Where’s Lindsay Lohan when you need her?
by Thom Yee
Did you ever wake up crying and you weren’t sure why? You’ve had a huge swelling of emotions that you could feel like the heat from a roaring fire, and then snap! Just like that, you’re awake; you’ve experienced something of almost unbearable emotional intensity, something deeply draining, something almost alive, but with every second that passes you drift further and further away from whatever it was that made you feel that way. And you forget it. You forget the moments, the details, the places and names, all gradually but surely disappearing with every second that passes. You get up, go to your bathroom, and study yourself in the mirror, the face looking back at you familiar but foreign, and a horrible feeling starts growing in your stomach and your heart, a feeling that tells you that, though it was just a dream, you’ve somehow lost something of infinite value. A feeling so big it makes you want to cry. But you don’t. You have a cat to feed, a humidifier to turn off, and a degrading job to get to, so you wash your face, put your clothes on, eat your cold breakfast, tie up your shoes, step out the door, and try to join the human race. Just like everyone else.
No? Everything’s fine? You’re perfectly centred with the universe, your mind and spirit are in precise alignment, your car starts up with a confident growl, you drive down care-free, perfectly paved streets as the traffic parts at your very arrival, and birds sing a familiar tune of jubilation as you pass? Well good for you then.
Really. Good for you.
Good for yooouuuuu!!!!!!—sorry about that. Just need a second… to…
Okay, let’s start over.
While there is no one known reason for why we dream, with scientists unable to agree even on whether or not dreaming serves a direct, primary function (at least according to the one article I glanced at that was at the top of my google search just now), we do, of course, like to imagine that there are some much less scientific and much more romantic meanings behind our dreams. Perhaps they’re our minds working through our emotional baggage, perhaps they’re our body’s natural response to unclear stimuli, or maybe they represent something of cosmic significance. Maybe they even might mean something specific and important, if only we could understand their message. But even if they did, the fleeting nature of dreams will usually prevent us from finding anything helpful within them. There’s a tragedy in that, that never knowing and being constantly and hopelessly pulled away from ever finding out.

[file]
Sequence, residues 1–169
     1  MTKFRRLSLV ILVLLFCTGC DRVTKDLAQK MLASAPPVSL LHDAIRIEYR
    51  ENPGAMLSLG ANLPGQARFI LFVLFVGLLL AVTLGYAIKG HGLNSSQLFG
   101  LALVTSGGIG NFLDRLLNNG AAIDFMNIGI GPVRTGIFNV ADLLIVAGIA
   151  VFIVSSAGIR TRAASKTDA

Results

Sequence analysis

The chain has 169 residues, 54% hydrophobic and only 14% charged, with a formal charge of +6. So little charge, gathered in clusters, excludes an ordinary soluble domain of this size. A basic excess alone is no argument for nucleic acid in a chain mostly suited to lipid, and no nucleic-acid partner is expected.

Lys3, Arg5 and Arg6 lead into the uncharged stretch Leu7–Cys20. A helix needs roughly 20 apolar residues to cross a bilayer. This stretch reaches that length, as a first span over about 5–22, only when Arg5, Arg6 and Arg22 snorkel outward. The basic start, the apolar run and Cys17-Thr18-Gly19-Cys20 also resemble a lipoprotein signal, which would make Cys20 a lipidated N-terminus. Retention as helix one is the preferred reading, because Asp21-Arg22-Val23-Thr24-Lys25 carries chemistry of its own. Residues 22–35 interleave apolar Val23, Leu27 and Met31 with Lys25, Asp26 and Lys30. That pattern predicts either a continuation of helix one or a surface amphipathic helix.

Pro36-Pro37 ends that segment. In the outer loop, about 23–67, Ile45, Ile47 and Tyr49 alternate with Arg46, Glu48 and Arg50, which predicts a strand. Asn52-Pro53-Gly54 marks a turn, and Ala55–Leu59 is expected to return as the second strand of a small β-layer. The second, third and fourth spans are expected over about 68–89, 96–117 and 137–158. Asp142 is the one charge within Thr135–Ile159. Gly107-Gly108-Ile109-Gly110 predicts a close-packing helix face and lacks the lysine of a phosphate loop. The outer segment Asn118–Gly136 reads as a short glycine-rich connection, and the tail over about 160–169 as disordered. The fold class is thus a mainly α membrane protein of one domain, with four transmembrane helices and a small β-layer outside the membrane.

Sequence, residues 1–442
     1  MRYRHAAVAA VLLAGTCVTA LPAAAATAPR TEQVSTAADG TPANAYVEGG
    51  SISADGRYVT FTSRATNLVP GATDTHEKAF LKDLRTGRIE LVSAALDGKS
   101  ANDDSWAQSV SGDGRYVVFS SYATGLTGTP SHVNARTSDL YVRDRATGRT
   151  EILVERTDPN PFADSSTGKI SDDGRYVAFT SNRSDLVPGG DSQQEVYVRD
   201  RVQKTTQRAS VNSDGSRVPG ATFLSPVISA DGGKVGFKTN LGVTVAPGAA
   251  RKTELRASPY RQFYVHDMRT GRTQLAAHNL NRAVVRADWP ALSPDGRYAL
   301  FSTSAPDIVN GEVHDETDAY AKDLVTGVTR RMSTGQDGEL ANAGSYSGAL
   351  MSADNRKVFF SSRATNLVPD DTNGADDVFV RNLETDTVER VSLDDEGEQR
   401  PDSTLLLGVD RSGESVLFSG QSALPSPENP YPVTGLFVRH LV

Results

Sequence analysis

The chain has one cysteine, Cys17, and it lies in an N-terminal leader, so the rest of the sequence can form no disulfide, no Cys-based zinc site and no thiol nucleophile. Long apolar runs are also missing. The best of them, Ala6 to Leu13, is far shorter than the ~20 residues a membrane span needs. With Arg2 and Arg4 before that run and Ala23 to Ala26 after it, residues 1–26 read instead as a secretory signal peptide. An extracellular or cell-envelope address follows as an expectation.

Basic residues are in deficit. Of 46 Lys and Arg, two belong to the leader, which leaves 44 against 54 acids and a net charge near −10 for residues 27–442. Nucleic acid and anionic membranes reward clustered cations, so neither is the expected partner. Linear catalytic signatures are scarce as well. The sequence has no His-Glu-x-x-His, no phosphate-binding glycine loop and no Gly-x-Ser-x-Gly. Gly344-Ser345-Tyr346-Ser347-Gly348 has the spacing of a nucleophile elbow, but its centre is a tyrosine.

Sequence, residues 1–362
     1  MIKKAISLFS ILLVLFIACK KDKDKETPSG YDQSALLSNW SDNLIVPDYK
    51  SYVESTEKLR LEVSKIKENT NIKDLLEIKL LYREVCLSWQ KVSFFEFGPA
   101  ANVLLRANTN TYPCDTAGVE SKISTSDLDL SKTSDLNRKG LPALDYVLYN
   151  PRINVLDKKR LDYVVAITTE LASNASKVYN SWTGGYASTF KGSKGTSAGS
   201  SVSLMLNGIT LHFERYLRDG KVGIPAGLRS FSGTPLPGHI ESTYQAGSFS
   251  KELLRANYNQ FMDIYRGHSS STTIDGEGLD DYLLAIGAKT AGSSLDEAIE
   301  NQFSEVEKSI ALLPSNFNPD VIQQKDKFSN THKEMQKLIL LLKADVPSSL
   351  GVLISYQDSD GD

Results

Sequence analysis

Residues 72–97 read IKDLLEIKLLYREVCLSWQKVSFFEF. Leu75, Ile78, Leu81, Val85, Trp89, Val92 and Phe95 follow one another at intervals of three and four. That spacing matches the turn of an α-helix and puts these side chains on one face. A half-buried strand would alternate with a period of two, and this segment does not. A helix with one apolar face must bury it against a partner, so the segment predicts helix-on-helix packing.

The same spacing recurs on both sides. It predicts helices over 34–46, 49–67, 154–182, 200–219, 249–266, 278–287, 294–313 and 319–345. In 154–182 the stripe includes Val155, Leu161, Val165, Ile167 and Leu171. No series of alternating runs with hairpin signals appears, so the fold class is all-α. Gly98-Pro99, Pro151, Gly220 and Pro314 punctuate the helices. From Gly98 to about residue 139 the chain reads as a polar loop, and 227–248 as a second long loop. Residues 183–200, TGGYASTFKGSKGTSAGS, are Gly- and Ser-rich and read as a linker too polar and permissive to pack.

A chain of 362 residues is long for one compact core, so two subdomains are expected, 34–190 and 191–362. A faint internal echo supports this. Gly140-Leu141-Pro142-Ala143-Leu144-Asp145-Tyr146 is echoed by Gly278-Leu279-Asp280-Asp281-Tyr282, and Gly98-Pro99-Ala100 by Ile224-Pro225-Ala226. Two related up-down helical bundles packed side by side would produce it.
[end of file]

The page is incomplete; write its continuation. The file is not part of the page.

Or maybe it’s not tragic. Maybe it’s all nothing. Maybe everything you’ve just read here is the plodding, meandering, awful consequence of what happens when some weirdo overthinks the movies he’s seen.
Maybe I’ve just wasted your time.
Maybe it’s all a waste of time.
What’s it about?
Mitsuha is a high school girl who’s grown bored of living in the country and has aspirations of moving to Tokyo, while Taki is a high school boy living in Tokyo who works part-time at an Italian restaurant and aspires to become a city planner. The two start having dreams in which they seem to switch places with each other when they fall asleep, an occurrence that seems at first to be nothing more than a few flights of fancy but eventually proves to be true. Rather than fight the situation, the two find ways to make it work, learning more about what it’s like to live in the opposite’s situation and growing close to each other in the process. One day, however, on the night of an historic meteor shower, the body switching stops and the two find that they’re not only no longer linked but completely unable to find each other.
You’ve probably gathered by now that Your Name. has at least something to do with dreams, and, to me at least, the strange, hard-to-capture-or-describe ephemerality of a dream is a lot like the overarching experience of trying to watch anime itself. If you’ve been alive and a nerd for as long as I have (since the mid-‘80s), you’ve probably run across anime as a cultural artifact more than a few times, but unless you were really focused on it, it was probably something a little bit hazy, something that was hard to see, understand, or grasp. Maybe in your youth you’d walk into a comicbook store and wonder aloud at how anyone could afford to buy those neat-looking animated videos that cost $50 a piece, later some of those “Japanimation” tapes came [mildly] down in price and started showing up at HMV, and you may have eventually found a place with a very decent “anime” collection that you could rent from, but it was a rare thing to find or access in its pure, original form. You might even have spoken to an anime fan at a convention who made comments like on how much worse Dragon Ball Z is without the blood or who seemed to know what was really going on with those two new Sailor Scouts who you thought were just cousins, but those “Otaku” were few and far between, and sometimes they seemed to be into Japanese culture so emphatically that it cancelled out any other interests they could have had. Of course, nowadays you can just login to CrunchyRoll and watch brand new anime mere weeks, days, and even only hours after their first Japanese airings (and we never talk to anyone anymore other than through chat apps).